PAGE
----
Breakaway faction of Suu Kyi’s former party receives permit to contest Myanmar elections

Saturday, July 10, 2010

Suu Kyi party renegades register for elections

YANGON, Myanmar — A new party formed by renegade members of detained opposition leader Aung San Suu Kyi’s disbanded party has received a permit to participate in Myanmar’s first elections in two decades, state media reported Saturday.

The National Democratic Force will join 37 other new political parties and five existing groups in contesting the elections later this year, the state-run Myanma Ahlin newspaper reported.

Suu Kyi’s National League for Democracy won Myanmar’s last elections in 1990 by a landslide, but the military government has refused to hand over power.

The junta has been under heavy international pressure to introduce democratic reforms and has announced new elections will be held later this year on a still-unspecified date.

Critics dismiss the elections as a sham designed to cement nearly 50 years of military rule.

New election laws prevent Suu Kyi and other political prisoners from participating in the polls, and her party decided to boycott the balloting. It was automatically disbanded for failing to register for the polls by a May 6 deadline as a result. There is no registration deadline for new political parties.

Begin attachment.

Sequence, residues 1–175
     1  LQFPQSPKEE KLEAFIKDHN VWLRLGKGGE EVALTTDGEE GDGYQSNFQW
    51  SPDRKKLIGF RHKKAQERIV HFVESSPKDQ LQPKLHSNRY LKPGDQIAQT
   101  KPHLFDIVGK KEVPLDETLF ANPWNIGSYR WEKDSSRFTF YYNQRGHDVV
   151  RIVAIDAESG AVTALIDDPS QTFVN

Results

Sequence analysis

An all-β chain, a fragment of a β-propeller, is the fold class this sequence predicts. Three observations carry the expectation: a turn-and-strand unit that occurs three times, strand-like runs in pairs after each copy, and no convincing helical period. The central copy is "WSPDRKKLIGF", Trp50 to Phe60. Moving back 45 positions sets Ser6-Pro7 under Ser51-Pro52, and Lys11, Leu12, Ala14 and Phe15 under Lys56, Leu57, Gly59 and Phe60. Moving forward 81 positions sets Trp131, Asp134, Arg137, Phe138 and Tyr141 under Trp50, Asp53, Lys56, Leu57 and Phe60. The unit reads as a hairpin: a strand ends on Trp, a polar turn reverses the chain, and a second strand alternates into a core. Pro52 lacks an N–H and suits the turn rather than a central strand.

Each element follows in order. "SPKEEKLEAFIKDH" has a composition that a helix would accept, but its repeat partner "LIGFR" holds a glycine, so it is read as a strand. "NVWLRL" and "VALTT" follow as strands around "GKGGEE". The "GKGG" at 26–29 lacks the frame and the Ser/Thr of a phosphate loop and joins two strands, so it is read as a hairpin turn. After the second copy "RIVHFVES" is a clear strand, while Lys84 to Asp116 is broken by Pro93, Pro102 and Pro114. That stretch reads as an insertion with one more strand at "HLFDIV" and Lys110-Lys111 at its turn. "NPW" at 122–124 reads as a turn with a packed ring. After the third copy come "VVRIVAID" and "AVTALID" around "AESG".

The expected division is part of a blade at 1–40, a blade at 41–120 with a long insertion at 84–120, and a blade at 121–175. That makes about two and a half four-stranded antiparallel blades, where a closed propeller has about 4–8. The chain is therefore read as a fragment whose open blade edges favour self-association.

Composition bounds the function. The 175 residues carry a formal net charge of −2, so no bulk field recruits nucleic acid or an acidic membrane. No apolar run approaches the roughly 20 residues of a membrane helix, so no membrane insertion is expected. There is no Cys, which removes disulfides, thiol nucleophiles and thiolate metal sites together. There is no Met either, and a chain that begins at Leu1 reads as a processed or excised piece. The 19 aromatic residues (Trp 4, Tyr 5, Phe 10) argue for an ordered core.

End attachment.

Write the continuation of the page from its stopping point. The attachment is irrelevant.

Suu Kyi has expressed dissatisfaction through her lawyer over the formation of the new breakaway party, led by Khin Maung Swe.

Members of her disbanded party have accused the National Democratic Force of stealing their party symbol, a bamboo hat, in order to win votes.

Khin Maung Swe said the NDF’s symbol is not the same because it has two stars above the hat. He said the party will continue the “struggle for democracy,” but gave no further policy details.

A separate party named the Democratic Party (Myanmar) also opened its headquarters Friday. It was founded by the daughters of former politicians from the parliamentary period between independence in 1948 and 1962, when the military seized power.

They include Than Than Nu whose father, U Nu, was Myanmar’s last elected prime minister.

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